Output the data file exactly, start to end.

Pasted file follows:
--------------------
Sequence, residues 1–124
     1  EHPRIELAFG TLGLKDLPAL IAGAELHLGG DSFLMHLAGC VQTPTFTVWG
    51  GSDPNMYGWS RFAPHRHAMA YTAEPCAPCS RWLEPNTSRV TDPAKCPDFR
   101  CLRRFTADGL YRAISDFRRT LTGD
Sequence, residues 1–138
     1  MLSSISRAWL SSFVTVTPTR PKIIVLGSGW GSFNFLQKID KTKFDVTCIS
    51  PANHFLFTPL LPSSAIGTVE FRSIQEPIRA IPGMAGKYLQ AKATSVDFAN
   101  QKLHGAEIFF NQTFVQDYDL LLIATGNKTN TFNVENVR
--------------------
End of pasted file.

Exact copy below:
Sequence, residues 1–124
     1  EHPRIELAFG TLGLKDLPAL IAGAELHLGG DSFLMHLAGC VQTPTFTVWG
    51  GSDPNMYGWS RFAPHRHAMA YTAEPCAPCS RWLEPNTSRV TDPAKCPDFR
   101  CLRRFTADGL YRAISDFRRT LTGD
Sequence, residues 1–138
     1  MLSSISRAWL SSFVTVTPTR PKIIVLGSGW GSFNFLQKID KTKFDVTCIS
    51  PANHFLFTPL LPSSAIGTVE FRSIQEPIRA IPGMAGKYLQ AKATSVDFAN
   101  QKLHGAEIFF NQTFVQDYDL LLIATGNKTN TFNVENVR